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sammyd173

Swingarm Theory

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I'm wondering about how moving the rear wheel forward and back in the swingarm can affect what the bike does, and how noticeable it might be?

It seems that the further back the rear wheel is, the more lift you would get when trying to blast up a rock. The cantilever effect would be amplified the further back the rear wheel was. Imagine the rear wheel a foot back (for mental illustrative purposes), and how much more that would lift you up as the rear wheel shot forward, sending you up. I wonder if Bou runs his rear wheel further back to get that amazing lift. 

It would also make sense - maybe - that the further back your footpegs are, the less of a lift effect you would get. Imagine your pegs all the way back to the axle of the rear wheel  - you'd get no lift at all. 

Conversely (if anyone is still reading this blather), the closer the rear wheel is to the front of the bike, the easier it should be to balance on the rear wheel as you are not lifted up as high. Think of trials bicycles. And the further back the pegs are, the easier to control the bike on the back wheel? 

Then there's all the other implications of increased/ decreased rear traction, softening of rear shock when the wheel goes further back, and lots of other things I haven't even considered. So my question is, do any of you actually set up the back of your bikes with these effects in mind?

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The manufacturers choose the location of the rear axle to give the best handling overall. If you only ever jumped up things, the ideal location would be different. So would lots of other things on the bike be different.

As far as the slot goes, it is there so you can adjust the chain tension. Yes you can change the handling by having it at the back compared with at the front, but it is only a very small difference and 99.9% of riders would not be able to tell the difference just by riding the bike.

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Moving the wheel forwards shortens the wheelbase which sharpens the steering and the bike would lift slightly easier and obviously the opposite applies. This is why you see hill climbers with long swinging arms. I am a poor rider and would never notice the difference but i imagine a factory riders mechanics will have the perfect axle position for the bike and replace the chain rather than adjust it until the wheel adjusters are at their maximum range. 99.5% of the riding population may never know the difference but at the highest level of sport every adjustment is noticeable.

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It does make me laugh when a new bike is announced with a 15mm longer / shorter swinging arm. Surely nobody can actually tell, that's probably two clicks on the wheel adjusters ?

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There is a vid of casales talking about how he adjusts his for different terrain, put in casales bike set up and it should be there. 

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Yes 99.3% of riders will not notice anything.   However what actually happens when you apply lots of power..?

The chain becomes tight on the top run, which tends to lift the rear wheel, and make the bike squat.   The push from the tyre, at ground level, acts on the centre of gravity of the bike, and causes the front wheel to lift...  Wheely...!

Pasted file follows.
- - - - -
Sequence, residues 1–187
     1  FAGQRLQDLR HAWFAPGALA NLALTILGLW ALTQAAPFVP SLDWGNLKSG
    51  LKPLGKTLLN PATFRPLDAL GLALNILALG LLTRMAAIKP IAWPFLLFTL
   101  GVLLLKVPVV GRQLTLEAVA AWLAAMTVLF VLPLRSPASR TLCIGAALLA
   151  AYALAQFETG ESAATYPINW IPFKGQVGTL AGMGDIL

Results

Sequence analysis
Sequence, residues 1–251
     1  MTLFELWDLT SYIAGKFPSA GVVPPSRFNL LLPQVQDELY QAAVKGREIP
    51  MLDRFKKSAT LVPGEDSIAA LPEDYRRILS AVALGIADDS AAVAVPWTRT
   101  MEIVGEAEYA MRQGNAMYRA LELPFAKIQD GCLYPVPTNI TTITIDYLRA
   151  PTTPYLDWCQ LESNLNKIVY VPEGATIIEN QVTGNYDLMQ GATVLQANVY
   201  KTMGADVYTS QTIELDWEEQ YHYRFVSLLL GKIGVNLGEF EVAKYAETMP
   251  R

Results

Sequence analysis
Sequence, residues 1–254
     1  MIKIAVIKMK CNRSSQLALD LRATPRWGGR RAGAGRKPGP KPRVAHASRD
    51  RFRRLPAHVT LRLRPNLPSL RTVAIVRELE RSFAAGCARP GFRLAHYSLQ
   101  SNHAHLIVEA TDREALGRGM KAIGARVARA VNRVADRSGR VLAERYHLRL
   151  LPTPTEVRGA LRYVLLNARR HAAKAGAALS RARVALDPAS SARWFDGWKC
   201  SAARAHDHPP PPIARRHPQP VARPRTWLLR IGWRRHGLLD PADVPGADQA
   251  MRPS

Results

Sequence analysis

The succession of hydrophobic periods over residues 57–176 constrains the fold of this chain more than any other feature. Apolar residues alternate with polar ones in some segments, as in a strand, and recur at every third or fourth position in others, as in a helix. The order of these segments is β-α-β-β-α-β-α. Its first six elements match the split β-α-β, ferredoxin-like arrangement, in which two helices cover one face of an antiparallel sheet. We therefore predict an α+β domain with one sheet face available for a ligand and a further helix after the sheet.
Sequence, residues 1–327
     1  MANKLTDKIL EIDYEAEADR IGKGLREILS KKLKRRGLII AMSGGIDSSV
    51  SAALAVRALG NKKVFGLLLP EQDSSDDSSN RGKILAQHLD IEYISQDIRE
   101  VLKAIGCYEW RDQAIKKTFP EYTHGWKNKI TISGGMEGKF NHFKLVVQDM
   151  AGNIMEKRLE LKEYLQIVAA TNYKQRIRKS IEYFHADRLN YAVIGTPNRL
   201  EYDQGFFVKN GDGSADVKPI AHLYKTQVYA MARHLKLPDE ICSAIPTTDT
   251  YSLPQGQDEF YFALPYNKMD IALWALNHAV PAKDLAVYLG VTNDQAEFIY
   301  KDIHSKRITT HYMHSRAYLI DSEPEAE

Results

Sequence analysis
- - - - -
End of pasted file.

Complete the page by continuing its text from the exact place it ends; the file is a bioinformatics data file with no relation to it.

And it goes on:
Some old bike had Plunger rear suspension, that moved the wheel vertically, as that was considered to be better.   Some had rigid rear suspension, and could only be ridden by Yorkshire Men.

.

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Typical rear wheel adjustment is about 16mm with standard snail cams. Wheelbase is usually around 1295mm so 16 mm is about 1.2%. Although this is small 1.2% is sufficient to make a change to rear wheel grip and front wheel propensity to lift.

If you generally ride slippy sections shorten the wheelbase, if you ride steep grippy stuff lengthen it.

I have never noticed the difference between rear wheels positions on a trials bike but could feel it on an MX

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17 minutes ago, dadof2 said:

 

If you generally ride slippy sections shorten the wheelbase, if you ride steep grippy stuff lengthen 

Sure casales said complete opposite !

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I suspect something has been lost in translation and maybe a mix up between stability and traction.

On any surface the closer the driving wheel is to the centre of gravity (shorter swing arm) the more traction there will be in the direction of travel. However in the same situation a long swinging arm / wheelbase gives more stability laterally, this is probably what is meant in the video.

Perhaps the clearest example is in F!. The long wheelbase Merc is stable and dominant on faster tracks / high speed corners like silverstone because it has more lateral stability. The shorter Ferrari tends to be better on tracks that need low speed speed traction and more responsive cornering like Monaco. On these tracks the Merc has less traction and its rear tires tend to slip and degrade faster than the Ferrari.

Edit - quote from Honda "A shorter wheelbase is better, especially if the traction is poor. The shorter wheelbase transfers more weight to the rear to help the bike hook up better and wheelie easier"

Hook up is american for finding grip / drive / traction.

Edited by dadof2

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